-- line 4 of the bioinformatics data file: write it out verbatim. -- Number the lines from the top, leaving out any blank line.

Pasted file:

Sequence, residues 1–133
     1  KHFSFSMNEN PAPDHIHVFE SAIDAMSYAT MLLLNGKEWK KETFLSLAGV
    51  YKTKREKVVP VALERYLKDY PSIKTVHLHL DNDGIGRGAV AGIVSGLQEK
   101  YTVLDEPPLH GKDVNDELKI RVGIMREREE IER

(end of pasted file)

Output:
   101  YTVLDEPPLH GKDVNDELKI RVGIMREREE IER